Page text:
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Bladder & bowel health - fact sheet

How do you know whether you have a healthy bladder and bowel? What can go wrong, and what you can do for bladder & bowel health. Get the facts.

The bladder

A healthy bladder

  • Empties 4-8 times daily, maybe once overnight
  • Empties about every 3-4 hours
  • Holds around 2 cups of urine (400-600ml)
  • May wake you when full, but gives you enough time to find a toilet

What can go wrong?

Incontinence

Accidental or involuntary leakage of urine:

  • Urge incontinence is when urine leaks due to an urgent feeling to empty the bladder and not enough time to get to a toilet
  • Stress incontinence is when urine leaks if you jump, run, stand up, cough or sneeze.

Urinary tract infections (UTIs)

UTIs are infections of the urinary tract that can affect the bladder, urethra (the tube that passes urine from the bladder to outside the body), and/ or kidneys. UTIs are caused by bacteria entering the urinary system, usually via the urethra.

Bladder prolapse

Also called a cystocele, weakened supportive tissue and pelvic floor muscles cause the bladder to bulge into the vaginal wall.

The bowel

A healthy bowel

  • Bowel movements several times a day to several times a week are normal. A change in bowel movements needs follow-up with your doctor
  • Stools (poo) should be soft, sausage shaped, easy to pass and are almost always brown
  • It’s normal for stools to smell, because of bacteria that help digestion

What can go wrong?

Incontinence

Accidental or involuntary leakage of stools or wind – commonly caused by constipation, but may also be associated with diarrhoea.

Constipation & diarrhoea

With constipation, stools are usually hard, dry and painful to pass. Diarrhoea occurs when the intestinal lining becomes inflamed and irritated, making it difficult for water to be absorbed from food waste, causing loose bowel motions.

Irritable bowel syndrome (IBS)

With IBS, the muscle wall of the bowel becomes overly sensitive and contracts unevenly, resulting in pain and bloating.

Bowel prolapse (rectocele)

Bowel prolapse occurs when weakened supportive tissue and pelvic floor muscles cause the bowel to bulge forward into the back vaginal wall.

Bowel cancer (colorectal cancer)

Bowel cancer is a cancerous growth inside the lining of the large bowel. Most bowel cancers start as polyps, which look like small spots on the bowel lining, or like cherries on stalks, protruding from the wall of the bowel. Australia has a high rate of bowel cancer, so talk to your doctor about your risk.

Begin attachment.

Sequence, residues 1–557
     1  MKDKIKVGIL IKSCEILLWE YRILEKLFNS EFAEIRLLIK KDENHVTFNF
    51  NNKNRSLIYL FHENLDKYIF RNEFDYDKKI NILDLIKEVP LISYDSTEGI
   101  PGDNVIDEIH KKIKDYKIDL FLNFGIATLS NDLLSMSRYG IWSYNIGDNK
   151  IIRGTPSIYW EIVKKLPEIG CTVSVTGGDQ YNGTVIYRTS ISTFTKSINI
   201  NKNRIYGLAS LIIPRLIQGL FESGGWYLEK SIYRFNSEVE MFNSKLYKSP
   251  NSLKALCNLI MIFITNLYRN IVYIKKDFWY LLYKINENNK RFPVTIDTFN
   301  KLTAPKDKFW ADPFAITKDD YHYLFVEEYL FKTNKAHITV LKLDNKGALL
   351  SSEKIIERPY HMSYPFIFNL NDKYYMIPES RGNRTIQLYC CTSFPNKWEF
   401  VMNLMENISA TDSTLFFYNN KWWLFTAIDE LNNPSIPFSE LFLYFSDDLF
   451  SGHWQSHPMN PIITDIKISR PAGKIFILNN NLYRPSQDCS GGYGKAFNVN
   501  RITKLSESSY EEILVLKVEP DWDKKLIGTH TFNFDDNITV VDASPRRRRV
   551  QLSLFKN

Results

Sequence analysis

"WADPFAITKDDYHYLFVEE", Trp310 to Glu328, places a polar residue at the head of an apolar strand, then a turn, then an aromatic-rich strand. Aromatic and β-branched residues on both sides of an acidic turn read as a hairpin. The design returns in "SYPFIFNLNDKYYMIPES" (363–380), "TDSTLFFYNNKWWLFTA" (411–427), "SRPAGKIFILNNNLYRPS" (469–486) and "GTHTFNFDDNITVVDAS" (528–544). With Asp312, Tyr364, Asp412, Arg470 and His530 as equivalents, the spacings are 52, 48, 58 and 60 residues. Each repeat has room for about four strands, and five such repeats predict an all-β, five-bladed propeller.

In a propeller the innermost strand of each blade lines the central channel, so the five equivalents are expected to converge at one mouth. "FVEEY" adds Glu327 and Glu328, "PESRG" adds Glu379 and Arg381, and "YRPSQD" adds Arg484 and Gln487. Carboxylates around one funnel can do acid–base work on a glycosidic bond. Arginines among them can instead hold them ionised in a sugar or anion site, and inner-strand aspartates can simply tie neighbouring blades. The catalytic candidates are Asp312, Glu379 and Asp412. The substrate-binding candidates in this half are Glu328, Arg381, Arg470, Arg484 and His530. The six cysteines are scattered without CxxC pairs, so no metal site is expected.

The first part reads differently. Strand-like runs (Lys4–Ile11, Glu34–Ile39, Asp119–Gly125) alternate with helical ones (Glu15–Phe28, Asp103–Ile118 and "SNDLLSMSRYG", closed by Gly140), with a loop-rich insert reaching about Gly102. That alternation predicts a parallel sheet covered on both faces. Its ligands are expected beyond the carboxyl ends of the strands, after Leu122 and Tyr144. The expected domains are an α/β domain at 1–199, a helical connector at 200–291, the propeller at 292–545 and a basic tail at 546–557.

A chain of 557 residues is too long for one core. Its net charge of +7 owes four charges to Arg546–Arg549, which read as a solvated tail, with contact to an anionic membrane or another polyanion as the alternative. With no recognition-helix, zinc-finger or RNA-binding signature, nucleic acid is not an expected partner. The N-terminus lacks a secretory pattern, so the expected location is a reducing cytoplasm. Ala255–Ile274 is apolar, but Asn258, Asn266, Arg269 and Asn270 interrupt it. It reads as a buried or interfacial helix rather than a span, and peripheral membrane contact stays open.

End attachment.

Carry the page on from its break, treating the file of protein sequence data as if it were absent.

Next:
What can you do for bladder & bowel health?

  • Drink 6-8 cups or glasses of fluid per day. Not getting enough fluid makes stools hard, dry and difficult to pass, increasing the strain on your pelvic floor
  • Cut down on caffeinated and fizzy drinks and alcohol, as they can worsen symptoms by making you need to urinate urgently or frequently
  • To avoid constipation and strain on the pelvic floor, try to eat fibre daily, such as fruit, vegetables and cereals/bread
  • Physical activity stimulates bowel movement. Aim for 30 minutes of moderate physical activity on most days. Avoiding high-impact activities and heavy weights will reduce strain on the pelvic floor
  • Learn and do pelvic floor exercises regularly to strengthen muscles
  • Avoid heavy lifting, as this can weaken your pelvic floor
  • Chronic coughing, including from smoking, can weaken your pelvic floor. For help with quitting smoking call the Quitline on 13 7848 or visit quit.org.au
  • Incontinence may become worse after menopause due to a reduction in oestrogen, leading to reduced elasticity in the pelvic floor and vagina. Sometimes oestrogen therapies, either vaginally or as menopause hormone therapy (MHT), may help
  • If you are over 50, have regular screening for bowel cancer
  • Positive toilet habits:
    - Go only when you have the urge and avoid the habit of going ‘just in case’
    - Sit with feet firmly supported to fully relax your pelvic floor; use a footstool when emptying bowels
    - Never strain to empty bladder or bowels
    - Don’t stop the flow of urine midstream as an exercise, as this can send incorrect messages to your bladder and stop it from emptying completely
  • Continence pads and accessories can help you feel more comfortable and maintain your quality of life.

For more information go to jeanhailes.org.au/health-a-z/bladderbowel